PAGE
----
Ryu Mizunagi hits the reset button on her work about Honoka and his Princess/Protector Ayaka…but has everything truly gone back to square one?
Story/Art: Ryu Mizunagi
Translation: Ko Ransom
Production: Risa Cho, Melissa DeJesus
What They Say:
With the battle with Weekend over, Honoka and Ayaka head out of town in search of the truth behind their unique bond and to uncover the secrets of their past.
Content: (please note that content portions of a review may contain spoilers)
In form and function this volume is both a restart and one, long, lengthy tease. The restart coincides with the complete restoration of the town to how it was before Weekend launched her attack on it, with magic even overwriting the memories of all the normal persons in town. Back is the slice of life series of vignettes with more of the light-hearted comedy that marked the early volumes in the series. Sometimes the punchlines are a little weak (it is revealed that Ayaka only wanted to take out Weekend because the test her class was trying to take was ruined by the mad magic bomber, not in order to protect Honoka or save the townspeople), but it’s nice to have a less threatening mood in place.
So, this volume offers us the latest (doomed to fail) attempt by Kasumi to separate the Princess from Honoka; the further adventures of the Furry-ear Clan, Medusa’s students (minus Tanpopo), who try (and fail) to take down Ayaka; and a mysterious giant penguin that causes havoc briefly before disappearing, along with the memories of all who see it. In addition, there’s a fairly good quotient of fanservice as Honoka and Ayaka go to a hot springs (though this is a very tame onsen visit that would not require much if any steam for an animated version).
And then there is the “tease” I mentioned above. All throughout this volume, it’s noted that something is not quite right. Honoka is not quite the wimp he was once before (his test grades and athletic ability are far higher than before he rebuilt the town). Ayaka and Honoka both suspect it’s related to the seals on his body. Since Honoka knows that once the seals are gone, Kazane may come to kill him, he decides that if the world is going to end soon anyway, he might as well uncover the memories of his childhood that were erased. Ayaka has been doing some digging into their past on her own and so they pursue the only lead she has: a key to a building on her family’s ancestral estate. This volume is just a tease, however, as it ends merely with the two of them sneaking onto the family property (it appears that Kazane and her daughter are not welcome in the Kagari family compound). We have to wait for the next volume to learn anything more.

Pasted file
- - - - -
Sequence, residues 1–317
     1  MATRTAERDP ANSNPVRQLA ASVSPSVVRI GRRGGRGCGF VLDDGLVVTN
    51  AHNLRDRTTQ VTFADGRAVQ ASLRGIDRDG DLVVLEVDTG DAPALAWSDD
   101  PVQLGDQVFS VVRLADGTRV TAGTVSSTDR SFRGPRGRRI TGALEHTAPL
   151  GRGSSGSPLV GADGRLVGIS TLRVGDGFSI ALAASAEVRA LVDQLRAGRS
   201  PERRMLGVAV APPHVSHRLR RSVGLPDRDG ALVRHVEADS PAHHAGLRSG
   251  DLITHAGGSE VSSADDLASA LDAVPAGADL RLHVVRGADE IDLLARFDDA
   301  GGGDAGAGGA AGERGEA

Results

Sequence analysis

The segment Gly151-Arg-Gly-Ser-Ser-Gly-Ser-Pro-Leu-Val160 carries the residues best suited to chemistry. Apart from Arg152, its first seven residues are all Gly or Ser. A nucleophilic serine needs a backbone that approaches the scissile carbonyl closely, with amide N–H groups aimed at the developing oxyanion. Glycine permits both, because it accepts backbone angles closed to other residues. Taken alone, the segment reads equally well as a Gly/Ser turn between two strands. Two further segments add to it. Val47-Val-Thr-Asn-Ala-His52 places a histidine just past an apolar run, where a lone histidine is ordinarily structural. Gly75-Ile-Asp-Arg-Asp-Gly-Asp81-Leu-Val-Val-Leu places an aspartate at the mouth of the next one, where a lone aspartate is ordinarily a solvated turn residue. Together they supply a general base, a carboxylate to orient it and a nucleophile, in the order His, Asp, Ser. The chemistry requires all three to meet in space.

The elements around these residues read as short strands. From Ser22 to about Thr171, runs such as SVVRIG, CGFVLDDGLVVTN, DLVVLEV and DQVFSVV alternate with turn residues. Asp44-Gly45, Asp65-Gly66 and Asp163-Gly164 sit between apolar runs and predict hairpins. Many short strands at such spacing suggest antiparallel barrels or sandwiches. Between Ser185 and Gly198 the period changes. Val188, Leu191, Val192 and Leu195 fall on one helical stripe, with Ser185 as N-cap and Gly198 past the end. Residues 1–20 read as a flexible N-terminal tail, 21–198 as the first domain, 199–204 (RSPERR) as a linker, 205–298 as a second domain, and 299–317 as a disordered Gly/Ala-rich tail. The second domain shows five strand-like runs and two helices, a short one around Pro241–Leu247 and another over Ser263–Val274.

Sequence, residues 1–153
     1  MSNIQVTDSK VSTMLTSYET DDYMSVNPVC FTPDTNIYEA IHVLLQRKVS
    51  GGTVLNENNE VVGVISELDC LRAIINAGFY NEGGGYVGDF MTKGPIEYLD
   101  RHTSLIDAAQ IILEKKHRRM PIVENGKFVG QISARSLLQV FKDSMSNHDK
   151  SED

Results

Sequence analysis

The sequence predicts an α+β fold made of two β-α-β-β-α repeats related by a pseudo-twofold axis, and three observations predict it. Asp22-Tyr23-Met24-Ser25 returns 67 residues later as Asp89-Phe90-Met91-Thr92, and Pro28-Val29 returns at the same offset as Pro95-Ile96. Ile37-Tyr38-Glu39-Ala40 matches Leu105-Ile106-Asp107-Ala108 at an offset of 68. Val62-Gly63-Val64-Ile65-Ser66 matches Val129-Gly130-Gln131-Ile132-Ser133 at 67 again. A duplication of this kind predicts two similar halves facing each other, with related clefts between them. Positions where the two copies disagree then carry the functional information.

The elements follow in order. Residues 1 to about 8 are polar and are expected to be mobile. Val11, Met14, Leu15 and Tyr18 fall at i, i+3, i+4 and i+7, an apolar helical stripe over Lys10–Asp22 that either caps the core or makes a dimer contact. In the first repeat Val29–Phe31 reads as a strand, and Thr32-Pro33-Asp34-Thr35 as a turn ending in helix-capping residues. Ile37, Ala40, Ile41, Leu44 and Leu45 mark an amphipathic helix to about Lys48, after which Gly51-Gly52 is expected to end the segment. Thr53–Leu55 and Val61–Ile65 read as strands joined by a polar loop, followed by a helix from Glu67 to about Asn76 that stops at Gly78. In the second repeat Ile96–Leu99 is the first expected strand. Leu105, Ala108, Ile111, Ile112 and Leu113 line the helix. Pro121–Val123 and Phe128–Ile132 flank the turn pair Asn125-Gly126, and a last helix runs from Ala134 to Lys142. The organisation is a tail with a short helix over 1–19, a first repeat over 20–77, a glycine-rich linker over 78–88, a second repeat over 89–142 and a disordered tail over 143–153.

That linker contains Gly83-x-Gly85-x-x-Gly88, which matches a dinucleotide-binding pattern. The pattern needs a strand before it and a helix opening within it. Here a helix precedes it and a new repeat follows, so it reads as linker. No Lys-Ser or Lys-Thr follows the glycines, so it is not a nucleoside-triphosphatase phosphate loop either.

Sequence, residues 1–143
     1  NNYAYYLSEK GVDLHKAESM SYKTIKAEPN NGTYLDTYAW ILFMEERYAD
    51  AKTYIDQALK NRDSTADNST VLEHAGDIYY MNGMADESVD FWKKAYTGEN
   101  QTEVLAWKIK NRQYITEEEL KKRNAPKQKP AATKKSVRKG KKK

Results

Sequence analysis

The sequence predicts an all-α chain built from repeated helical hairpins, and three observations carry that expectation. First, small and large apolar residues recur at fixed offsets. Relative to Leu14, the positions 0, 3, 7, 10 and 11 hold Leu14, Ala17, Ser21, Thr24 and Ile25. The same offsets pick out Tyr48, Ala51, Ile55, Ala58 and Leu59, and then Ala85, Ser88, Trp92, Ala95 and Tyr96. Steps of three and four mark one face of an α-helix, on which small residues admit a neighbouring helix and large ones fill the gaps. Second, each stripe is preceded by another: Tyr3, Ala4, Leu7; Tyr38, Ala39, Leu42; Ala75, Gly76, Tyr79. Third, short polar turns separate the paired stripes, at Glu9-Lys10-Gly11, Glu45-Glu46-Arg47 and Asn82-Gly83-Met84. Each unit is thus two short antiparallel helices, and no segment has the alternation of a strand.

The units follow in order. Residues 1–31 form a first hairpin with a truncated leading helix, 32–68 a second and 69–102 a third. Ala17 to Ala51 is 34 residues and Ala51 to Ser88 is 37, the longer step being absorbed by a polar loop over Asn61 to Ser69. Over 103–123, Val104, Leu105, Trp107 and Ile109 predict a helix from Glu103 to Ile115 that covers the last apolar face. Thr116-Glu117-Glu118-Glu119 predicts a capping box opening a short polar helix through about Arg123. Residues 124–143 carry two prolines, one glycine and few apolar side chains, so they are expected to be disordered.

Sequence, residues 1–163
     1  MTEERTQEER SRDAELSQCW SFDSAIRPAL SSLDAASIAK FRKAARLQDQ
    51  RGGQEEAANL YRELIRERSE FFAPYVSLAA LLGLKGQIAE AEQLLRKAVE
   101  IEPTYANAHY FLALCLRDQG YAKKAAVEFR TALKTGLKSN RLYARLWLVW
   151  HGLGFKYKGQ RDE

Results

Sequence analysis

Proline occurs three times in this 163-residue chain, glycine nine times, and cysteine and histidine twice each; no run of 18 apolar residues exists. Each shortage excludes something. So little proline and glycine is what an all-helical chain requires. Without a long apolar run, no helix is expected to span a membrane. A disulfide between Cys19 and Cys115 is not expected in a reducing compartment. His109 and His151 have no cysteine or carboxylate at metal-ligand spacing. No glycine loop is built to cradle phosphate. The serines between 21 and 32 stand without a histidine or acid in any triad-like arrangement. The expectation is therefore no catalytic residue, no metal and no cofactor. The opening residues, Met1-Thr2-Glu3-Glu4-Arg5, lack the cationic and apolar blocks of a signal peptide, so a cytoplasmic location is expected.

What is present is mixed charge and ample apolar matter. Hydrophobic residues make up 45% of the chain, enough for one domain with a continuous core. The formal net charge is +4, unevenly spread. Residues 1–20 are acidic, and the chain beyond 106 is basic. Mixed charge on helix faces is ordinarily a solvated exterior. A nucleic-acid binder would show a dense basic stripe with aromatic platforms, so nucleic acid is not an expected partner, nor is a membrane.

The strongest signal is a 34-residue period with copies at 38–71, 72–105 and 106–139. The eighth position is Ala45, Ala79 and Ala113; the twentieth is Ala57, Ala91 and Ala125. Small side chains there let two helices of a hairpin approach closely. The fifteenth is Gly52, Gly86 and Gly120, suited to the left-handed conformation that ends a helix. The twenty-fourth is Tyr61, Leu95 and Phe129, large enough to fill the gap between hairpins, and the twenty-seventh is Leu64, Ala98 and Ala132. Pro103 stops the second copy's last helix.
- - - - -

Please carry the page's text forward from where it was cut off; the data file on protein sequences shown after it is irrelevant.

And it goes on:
As a return to form, this is all rather pleasant enough, even if there is still some unease after that tense and dramatic arc involving Weekend’s plan to take Honoka’s power. And that unease does not entirely go away as we are shown glimpses of the mystery involving Honoka’s early days and his connection to Kazane and Ayaka. All we know is that some kind of terrible event occurred in his childhood (allegedly Honoka fell off a cliff and survived) and his memories of it were lost. The humor is back in full force as is the overdone brother complex of Kasumi, though it’s all played purely for laughs at her expense. Much better for Kasumi is her role in foiling the penguin, which itself contains some hints as to the larger mystery of Honoka.
Peace and quiet return to the town as everything is back to normal for Honoka Takamiya and Ayaka Kagari. Gone are the bombs and destruction, back are the students hovering over Kagari and calling her “princess.” Yet something is not quite right and Honoka knows that the loss of his seals means the end for him and Ayaka. So the two set off in search of the memories which were erased from them, when they met as children. The mystery of Honoka and Ayaka’s past is teased…but not revealed in this volume. The comedy and light touch are back, though the deeper mystery floats constantly in the background, only teased in this volume. We must await the next one to learn what happened those many years ago.
Content Grade: B
Art Grade: B
Package Rating: B-
Age Rating: 14+
Released By:Vertical Comics
Release Date: October 13th, 2015